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Distribution of Coal in India

  • Coal is a one of the important minerals which is mainly used in the generation of thermal power and smelting of iron ore.
  • Coal occurs in rock sequences mainly of two geological ages, namely Gondwana and tertiary deposits.
  • Lignite is a low-grade brown coal, which is soft with high moisture content. The principal lignite reserves are in Neyveli in Tamil Nadu and are used for generation of electricity.
  • Coal that has been buried deep and subjected to increased temperatures is bituminous coal. It is the most popular coal in commercial use. Metallurgical coal is high grade bituminous coal which has a special value for smelting iron in blast furnaces.
  • Anthracite is the highest quality hard coal. About 80 per cent of the coal deposits in India is of bituminous type and is of non-coking grade.
  • The most important Gondwana coal fields of India are in Damodar Valley. They lie in Jharkhand-Bengal coal belt and the important coal fields in this region are Raniganj, Jharia, Bokaro, Giridih, Karanpura. Jharia is the largest coal field followed by Raniganj.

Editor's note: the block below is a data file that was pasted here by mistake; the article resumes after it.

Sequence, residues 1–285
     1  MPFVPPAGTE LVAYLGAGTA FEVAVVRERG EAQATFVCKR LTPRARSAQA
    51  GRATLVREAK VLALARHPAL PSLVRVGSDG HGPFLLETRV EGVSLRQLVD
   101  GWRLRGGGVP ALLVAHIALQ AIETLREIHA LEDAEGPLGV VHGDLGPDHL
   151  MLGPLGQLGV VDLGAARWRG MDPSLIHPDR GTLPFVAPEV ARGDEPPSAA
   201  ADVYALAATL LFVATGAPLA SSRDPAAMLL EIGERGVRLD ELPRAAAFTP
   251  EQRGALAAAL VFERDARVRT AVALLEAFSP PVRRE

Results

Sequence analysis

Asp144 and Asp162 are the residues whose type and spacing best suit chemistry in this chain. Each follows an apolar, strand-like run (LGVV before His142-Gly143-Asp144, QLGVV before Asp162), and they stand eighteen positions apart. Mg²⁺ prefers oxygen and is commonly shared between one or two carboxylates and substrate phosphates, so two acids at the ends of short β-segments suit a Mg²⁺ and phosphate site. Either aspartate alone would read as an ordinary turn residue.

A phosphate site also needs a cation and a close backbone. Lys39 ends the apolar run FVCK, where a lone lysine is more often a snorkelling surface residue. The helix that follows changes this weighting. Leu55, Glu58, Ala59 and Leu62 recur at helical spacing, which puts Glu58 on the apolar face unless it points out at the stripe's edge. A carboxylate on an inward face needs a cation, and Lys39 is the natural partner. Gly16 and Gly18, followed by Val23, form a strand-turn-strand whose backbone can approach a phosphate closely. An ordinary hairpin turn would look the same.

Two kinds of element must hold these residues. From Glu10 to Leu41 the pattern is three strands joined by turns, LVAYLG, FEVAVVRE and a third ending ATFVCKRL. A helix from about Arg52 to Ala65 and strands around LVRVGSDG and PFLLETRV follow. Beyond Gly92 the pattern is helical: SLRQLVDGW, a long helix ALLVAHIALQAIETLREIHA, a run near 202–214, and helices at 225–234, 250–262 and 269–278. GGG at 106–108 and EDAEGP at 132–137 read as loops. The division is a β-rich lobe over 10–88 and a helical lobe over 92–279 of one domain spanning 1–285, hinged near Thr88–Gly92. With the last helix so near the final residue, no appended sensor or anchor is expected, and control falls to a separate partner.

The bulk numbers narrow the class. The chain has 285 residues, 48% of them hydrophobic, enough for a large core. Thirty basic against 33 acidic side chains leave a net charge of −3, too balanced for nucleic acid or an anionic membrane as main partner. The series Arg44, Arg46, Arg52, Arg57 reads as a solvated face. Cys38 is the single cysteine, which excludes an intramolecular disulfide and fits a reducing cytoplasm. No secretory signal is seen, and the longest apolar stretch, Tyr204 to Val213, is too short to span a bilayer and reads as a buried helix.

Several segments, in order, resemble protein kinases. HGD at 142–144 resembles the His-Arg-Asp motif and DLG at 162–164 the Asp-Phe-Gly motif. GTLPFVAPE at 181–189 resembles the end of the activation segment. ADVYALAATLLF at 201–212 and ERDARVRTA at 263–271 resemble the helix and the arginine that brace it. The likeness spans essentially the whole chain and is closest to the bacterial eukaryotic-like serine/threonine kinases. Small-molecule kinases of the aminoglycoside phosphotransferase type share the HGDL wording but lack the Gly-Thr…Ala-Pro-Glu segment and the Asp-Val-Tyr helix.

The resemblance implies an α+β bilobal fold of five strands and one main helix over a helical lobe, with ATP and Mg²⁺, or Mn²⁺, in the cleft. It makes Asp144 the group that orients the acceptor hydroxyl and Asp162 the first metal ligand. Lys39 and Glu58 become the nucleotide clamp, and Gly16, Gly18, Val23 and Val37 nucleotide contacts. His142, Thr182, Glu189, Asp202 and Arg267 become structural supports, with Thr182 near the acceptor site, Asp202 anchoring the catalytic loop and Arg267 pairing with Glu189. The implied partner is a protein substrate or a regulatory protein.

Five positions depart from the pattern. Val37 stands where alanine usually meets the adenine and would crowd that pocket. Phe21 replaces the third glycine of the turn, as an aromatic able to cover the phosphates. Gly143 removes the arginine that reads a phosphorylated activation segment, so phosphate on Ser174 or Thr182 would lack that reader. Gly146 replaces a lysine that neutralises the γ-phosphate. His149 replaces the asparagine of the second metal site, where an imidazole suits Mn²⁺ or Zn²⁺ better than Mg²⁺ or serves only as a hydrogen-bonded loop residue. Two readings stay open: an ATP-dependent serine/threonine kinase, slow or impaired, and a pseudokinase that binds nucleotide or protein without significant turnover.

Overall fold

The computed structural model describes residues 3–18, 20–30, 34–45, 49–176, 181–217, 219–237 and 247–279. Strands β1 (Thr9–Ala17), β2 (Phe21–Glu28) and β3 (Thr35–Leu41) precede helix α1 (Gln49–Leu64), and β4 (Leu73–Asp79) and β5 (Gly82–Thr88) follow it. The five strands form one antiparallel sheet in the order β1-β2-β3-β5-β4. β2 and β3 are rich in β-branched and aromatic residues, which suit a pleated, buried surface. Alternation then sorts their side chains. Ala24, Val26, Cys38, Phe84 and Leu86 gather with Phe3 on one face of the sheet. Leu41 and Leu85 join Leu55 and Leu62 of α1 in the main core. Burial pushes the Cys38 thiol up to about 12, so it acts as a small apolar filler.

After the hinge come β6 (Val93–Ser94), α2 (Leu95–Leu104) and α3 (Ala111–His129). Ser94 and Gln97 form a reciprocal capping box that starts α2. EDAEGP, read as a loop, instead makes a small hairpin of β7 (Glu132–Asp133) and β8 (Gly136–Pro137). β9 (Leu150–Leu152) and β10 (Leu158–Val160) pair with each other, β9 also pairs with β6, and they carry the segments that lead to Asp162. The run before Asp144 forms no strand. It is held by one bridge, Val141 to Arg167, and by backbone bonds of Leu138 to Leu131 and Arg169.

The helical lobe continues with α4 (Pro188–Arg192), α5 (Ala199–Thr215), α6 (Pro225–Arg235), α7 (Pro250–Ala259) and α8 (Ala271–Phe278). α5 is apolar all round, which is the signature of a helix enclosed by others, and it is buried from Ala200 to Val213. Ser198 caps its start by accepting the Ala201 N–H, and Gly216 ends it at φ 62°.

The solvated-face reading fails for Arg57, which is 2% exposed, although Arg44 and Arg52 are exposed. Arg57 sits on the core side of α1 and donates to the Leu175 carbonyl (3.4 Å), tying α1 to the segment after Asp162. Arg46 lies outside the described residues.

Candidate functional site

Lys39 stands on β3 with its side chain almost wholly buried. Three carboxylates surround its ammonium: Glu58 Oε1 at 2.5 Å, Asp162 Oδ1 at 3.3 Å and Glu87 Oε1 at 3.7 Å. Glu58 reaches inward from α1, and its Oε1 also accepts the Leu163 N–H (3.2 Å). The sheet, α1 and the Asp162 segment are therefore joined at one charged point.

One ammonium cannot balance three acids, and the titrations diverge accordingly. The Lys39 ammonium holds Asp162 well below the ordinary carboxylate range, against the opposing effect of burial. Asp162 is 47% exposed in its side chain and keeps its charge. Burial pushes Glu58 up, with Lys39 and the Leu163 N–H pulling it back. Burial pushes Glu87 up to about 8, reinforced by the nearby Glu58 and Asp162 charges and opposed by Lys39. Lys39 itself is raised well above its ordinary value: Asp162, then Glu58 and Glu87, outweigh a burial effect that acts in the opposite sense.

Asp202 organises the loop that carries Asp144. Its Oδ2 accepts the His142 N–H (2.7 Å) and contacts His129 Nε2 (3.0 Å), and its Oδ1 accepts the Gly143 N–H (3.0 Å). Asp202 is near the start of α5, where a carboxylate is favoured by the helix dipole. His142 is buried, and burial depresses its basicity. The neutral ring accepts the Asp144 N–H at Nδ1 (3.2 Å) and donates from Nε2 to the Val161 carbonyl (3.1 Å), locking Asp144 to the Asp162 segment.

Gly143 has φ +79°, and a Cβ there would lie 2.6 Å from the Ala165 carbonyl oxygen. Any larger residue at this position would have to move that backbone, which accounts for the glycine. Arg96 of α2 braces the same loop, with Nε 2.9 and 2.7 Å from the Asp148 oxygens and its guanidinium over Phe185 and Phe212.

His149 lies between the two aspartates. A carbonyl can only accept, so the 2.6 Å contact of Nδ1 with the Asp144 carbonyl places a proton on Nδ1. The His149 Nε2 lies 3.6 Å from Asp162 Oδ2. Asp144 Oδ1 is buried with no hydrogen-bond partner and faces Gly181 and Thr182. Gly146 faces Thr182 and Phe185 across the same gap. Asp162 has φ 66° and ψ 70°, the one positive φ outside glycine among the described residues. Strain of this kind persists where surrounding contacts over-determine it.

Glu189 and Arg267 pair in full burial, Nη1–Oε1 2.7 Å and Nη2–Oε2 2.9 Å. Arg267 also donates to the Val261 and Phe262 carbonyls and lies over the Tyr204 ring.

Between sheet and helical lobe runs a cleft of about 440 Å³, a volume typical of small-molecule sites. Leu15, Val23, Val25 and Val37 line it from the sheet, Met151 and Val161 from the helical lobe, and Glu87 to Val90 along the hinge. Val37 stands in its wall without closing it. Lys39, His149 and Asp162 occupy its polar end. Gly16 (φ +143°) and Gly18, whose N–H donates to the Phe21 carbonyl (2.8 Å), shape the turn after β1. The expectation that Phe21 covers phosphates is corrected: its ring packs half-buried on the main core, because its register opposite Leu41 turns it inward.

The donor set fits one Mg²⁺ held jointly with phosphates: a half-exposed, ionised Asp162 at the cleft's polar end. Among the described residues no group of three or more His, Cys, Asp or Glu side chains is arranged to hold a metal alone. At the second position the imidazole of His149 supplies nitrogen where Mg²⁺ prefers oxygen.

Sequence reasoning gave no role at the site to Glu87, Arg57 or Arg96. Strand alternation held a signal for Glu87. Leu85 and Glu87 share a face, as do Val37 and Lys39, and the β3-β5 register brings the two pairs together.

• The other river valleys associated with coal are Godavari, Mahanadi and Son.
  • The most important coal mining centres are Singrauli in Madhya Pradesh (part of Singrauli coal field lies in Uttar Pradesh), Korba in Chhattisgarh, Talcher and Rampur in Orissa, Chanda-Wardha, Kamptee and Bander in Maharashtra and Singareni and Pandur in Andhra Pradesh.
  • Tertiary coals occur in Assam, Arunachal Pradesh, Meghalaya and Nagaland. It is extracted from Darangiri, Cherrapunji, Mewlong and Langrin (Meghalaya); Makum, Jaipur and Nazira in upper Assam, Namchik- Namphuk (Arunachal Pradesh) and Kalakot (Jammu and Kashmir).
  • Besides, the brown coal or lignite occur in the coastal areas of Tamil Nadu, Pondicherry, Gujarat and Jammu and Kashmir.